There was a collective wry chuckle, accompanied by the odd muttering of "Women, eh?"
"Anyway," he carried on. "By the time this plumber bloke gets there, I'm soaking wet, which, from the way he eyes me up, makes me think Mum could be barking up the wrong tree there, so I had to go and get changed."
Mark was mesmerised by the image of Patrick, soaking wet and peeling off his clothes. So much so that he almost didn't catch Barry's reply: "What, and you didn't stay to chat him up?"
That was interesting . . . Except no, it wasn't, because young, fit fashion models didn't look twice at middle-aged men. And responsible fathers didn't shock their troubled teenage daughters by getting mixed up with boy-toys.
Damn it. Mark's mood crashed again.
The blue eyes twinkled. "What, and step on Mum's toes? I'd never hear the last of it. You never know, maybe he swings both ways."
"Go on, admit it," the better looking of the shaven heads — Roger? Rodney? Roderick? — said loudly. "You just needed the time to do your hair."
Patrick's response was a hearty laugh. "Rory, mate, you know you're just jealous."
Barry cleared his throat. "We were just getting to know our new member. Mark, this is Patrick."
Caught by surprise, Mark stood once more — damn it, legs, why do you keep doing that? — and offered Patrick his hand.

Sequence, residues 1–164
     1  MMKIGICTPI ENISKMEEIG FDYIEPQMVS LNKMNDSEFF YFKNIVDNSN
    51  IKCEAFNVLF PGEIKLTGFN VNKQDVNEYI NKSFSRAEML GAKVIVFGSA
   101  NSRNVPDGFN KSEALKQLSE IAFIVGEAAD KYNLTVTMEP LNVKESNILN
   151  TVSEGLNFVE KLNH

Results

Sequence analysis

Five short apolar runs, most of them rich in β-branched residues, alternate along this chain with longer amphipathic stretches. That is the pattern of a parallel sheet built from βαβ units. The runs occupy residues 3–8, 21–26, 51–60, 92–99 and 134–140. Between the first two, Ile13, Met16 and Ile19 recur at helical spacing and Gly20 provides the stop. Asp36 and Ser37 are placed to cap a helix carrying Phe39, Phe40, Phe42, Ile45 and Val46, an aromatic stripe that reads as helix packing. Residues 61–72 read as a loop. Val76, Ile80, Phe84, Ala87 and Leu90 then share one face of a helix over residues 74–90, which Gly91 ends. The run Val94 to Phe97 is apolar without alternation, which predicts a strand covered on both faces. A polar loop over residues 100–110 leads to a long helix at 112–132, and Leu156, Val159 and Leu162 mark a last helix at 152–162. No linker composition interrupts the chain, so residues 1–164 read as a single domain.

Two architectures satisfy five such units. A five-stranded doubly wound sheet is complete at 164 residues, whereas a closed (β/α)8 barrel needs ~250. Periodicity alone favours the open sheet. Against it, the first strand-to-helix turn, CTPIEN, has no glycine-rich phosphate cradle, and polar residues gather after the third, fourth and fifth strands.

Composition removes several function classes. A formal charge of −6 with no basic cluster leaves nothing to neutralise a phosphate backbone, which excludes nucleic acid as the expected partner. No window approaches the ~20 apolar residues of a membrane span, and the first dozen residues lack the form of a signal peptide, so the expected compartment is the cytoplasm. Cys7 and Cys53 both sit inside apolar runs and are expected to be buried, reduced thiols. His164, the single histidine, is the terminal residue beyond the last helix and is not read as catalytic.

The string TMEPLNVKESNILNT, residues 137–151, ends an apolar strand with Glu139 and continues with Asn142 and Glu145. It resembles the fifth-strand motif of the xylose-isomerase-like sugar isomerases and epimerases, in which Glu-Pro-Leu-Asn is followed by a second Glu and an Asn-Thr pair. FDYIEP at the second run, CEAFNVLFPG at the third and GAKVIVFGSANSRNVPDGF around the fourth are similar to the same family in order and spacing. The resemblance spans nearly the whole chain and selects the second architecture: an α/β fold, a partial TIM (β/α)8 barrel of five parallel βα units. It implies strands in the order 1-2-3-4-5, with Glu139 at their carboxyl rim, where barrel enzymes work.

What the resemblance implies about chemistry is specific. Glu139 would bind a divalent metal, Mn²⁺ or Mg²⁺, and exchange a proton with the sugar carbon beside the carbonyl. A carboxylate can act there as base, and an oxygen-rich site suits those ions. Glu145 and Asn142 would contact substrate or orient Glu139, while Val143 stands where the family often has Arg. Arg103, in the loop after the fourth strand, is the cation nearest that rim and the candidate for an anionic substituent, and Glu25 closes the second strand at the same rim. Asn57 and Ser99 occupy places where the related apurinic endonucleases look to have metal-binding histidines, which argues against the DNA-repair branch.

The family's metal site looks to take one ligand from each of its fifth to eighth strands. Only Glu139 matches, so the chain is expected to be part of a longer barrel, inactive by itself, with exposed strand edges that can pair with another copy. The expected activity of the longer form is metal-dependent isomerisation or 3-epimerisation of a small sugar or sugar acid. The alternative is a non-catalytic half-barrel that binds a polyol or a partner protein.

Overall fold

Patrick raised an eyebrow, making Mark feel even worse, but took his hand and shook it firmly. His grip was warm and smooth, and all sorts of thoughts Mark should not be thinking started to run through his head like an X-rated earworm.
"Good to meet you," Patrick said. "New in the village? I don't think I've seen you around."
"Ah, likewise." Mark's mind wasn't really on his response. The room was stiflingly hot. It couldn't be good for the ancient timbers, not to mention the environment. Why the bloody hell didn't someone turn the heating down?
And was Patrick implying that if he'd seen Mark, he'd have noticed him?
No, surely not.
Was he? Mark realised he was still holding Patrick's hand and dropped it like a hot potato. Fortunately nobody seemed to have noticed. He sat down hastily as Patrick took a seat at the other end of the long oak table.
Oh God. Mark's life had just turned into the classic midlife crisis.
This young man was apparently attracted to men, gorgeous, and sharp in just the right way. His smile set Mark's stomach in turmoil, and his voice had a similar effect on . . . other areas.
And he was young enough to be Mark's son, for God's sake.
Mark was doomed.
Barry banged on the table once more, and the susurration of murmurs that had sprung up abruptly ceased. "Right. Three-legged sponsored pub crawl — who's up for it?"